As an example of the local ordinances regulating solicitation, Cherokee County and the City of Acworth regulate commercial and charitable solicitation, specifically requiring door-to-door salespersons of goods or merchandise, or persons raising funds or seeking donations for religious or charitable organizations to register and obtain a permit, and comply with certain time and location restraints for soliciting. And importantly, these ordinances specifically state that if a “No Solicitation” sign is posted on private property, no soliciting shall be made. Had our association with the handyman put up a “No Solicitation” sign on the private common property (which included the streets), our handyman my have been in violation of the ordinance, and the Association could have gotten the relevant code enforcement officers involved to address the issue.
While local ordinances may not provide a sufficient source of enforcement against solicitors, there are still some available remedies. Case law in Georgia supports the right of private property owners to establish rules and regulations regarding solicitation, and the rights of owners of private property (including associations and individual lot/unit owners) to restrict all or any types of solicitation or canvassing activities on that property. So, the association and/or its owners may be able to pursue a court order to address the conduct of the solicitor, and especially so if there is an underlying issue of fraud or criminal intent.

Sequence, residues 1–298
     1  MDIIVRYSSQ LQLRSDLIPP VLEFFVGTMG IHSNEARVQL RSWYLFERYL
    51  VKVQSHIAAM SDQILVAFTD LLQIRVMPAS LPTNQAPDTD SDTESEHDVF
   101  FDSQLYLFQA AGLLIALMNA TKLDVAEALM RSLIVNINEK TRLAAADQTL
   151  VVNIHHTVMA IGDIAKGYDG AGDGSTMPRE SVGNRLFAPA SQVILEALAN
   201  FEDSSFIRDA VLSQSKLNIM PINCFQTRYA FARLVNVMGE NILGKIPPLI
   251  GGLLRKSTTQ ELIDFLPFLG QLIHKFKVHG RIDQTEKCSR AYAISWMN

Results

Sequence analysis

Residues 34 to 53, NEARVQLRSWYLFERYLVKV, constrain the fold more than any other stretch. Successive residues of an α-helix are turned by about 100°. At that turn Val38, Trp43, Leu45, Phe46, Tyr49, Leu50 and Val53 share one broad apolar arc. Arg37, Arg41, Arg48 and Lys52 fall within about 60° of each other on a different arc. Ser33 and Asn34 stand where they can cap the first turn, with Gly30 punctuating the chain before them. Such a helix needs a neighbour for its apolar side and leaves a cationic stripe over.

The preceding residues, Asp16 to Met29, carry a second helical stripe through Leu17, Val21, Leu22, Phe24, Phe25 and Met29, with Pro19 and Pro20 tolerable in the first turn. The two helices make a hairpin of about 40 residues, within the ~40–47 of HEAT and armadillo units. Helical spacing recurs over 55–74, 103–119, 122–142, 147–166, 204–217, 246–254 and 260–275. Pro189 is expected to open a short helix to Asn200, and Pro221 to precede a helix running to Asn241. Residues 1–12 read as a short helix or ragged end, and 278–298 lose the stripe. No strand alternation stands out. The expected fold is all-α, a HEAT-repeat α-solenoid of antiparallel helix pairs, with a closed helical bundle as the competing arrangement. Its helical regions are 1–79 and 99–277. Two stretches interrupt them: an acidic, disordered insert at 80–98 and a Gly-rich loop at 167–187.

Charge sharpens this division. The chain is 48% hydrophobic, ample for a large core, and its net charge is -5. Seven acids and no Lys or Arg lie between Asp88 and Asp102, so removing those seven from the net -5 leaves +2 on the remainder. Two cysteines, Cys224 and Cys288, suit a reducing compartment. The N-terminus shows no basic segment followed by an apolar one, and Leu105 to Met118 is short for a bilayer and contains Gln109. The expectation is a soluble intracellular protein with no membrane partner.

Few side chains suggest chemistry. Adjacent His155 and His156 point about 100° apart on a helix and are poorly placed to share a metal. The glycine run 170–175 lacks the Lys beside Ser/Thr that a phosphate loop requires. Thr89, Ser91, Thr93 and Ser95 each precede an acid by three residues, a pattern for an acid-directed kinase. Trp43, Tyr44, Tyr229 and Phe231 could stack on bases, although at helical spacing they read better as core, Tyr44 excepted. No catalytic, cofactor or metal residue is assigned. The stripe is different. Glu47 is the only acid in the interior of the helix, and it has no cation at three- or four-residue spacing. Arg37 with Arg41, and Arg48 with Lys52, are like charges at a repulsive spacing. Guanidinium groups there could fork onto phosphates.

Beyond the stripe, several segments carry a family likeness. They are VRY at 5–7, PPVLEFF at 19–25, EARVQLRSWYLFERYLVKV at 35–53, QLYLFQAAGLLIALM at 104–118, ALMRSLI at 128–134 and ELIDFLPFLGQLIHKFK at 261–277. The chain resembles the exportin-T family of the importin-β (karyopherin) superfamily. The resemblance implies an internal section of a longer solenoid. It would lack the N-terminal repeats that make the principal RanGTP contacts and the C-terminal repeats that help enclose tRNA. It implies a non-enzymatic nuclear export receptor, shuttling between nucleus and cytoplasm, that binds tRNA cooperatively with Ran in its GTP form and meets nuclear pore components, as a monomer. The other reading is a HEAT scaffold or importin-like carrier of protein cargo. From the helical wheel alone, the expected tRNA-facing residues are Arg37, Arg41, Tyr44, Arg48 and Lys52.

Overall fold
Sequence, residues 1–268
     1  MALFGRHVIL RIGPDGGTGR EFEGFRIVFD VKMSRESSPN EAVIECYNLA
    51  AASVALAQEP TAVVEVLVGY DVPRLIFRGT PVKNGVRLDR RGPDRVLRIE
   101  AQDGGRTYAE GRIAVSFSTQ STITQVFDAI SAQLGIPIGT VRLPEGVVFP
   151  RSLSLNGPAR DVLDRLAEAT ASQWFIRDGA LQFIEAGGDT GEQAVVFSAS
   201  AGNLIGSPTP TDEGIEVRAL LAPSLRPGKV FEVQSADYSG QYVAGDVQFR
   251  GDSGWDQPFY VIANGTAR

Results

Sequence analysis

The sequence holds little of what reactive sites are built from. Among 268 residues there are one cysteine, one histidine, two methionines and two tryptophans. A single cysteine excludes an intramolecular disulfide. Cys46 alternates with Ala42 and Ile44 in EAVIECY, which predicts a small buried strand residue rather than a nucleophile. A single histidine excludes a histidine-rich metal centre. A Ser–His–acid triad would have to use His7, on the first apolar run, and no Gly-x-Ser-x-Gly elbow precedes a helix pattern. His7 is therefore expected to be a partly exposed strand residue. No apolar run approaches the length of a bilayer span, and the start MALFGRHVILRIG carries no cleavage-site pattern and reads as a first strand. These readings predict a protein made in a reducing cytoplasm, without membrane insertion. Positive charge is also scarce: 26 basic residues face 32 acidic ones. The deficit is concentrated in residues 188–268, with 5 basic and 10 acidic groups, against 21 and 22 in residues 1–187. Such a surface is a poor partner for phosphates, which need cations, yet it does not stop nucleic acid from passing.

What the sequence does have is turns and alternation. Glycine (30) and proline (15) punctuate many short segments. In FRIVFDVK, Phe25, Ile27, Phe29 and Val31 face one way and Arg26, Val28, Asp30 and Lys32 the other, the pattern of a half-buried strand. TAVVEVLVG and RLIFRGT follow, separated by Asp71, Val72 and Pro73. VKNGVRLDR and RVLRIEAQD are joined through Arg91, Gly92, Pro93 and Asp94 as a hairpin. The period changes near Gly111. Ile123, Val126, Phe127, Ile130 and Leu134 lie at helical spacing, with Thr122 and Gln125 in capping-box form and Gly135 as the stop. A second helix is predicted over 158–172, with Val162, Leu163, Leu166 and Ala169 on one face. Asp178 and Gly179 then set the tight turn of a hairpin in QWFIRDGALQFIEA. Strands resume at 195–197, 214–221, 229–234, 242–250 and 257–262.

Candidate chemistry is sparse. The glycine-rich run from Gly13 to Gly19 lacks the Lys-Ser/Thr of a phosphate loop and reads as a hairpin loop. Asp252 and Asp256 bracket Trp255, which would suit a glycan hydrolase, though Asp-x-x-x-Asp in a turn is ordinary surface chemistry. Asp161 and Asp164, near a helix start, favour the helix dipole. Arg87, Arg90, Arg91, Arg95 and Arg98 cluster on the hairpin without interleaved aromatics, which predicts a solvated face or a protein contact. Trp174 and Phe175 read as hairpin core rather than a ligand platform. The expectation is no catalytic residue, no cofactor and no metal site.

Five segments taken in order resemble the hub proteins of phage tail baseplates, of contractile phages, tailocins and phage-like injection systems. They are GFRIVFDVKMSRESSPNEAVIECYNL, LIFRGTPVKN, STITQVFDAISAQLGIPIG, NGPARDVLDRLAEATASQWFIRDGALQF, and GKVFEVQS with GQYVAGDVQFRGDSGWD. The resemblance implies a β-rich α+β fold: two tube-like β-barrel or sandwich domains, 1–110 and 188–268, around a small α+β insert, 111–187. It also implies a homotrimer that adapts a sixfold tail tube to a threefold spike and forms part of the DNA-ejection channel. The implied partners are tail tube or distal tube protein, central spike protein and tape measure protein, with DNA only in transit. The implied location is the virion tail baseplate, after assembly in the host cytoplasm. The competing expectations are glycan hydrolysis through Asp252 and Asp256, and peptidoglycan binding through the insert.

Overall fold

From a practical perspective, most communities do not want to have to go to court. So, attempting to deter solicitors is generally the preferred approach. Towards that end, an association rule regulating or prohibiting soliciting in a community is generally the first step, but is only going to apply and be enforceable against the associations’ members and residents, not necessarily third-party solicitors. With that said, when a community has private roads like the community described above, there is an argument the association can adopt a rule banning all solicitation in the community and then erect a “No Solicitation” sign, or version thereof, at the community’s entrance to put third parties on notice and deter solicitors from entering the community and engaging individual property owners. Enforcement may still be limited, and for those communities with public streets, solicitation is much harder to control from the association’s perspective. But, individual property owners still have the right to prohibit solicitation on their own property and post signs to that effect, if the community’s covenants permit signage of that nature.
Ultimately, many communities will have some legal remedies to help regulate and possibly ban solicitation that is causing a nuisance or appears fraudulent in nature. But, before implementing any rule or pursuing enforcement measures towards that end, it’s good practice to consult an attorney to advise you on the laws as they pertain to your community given the variable nature of this issue.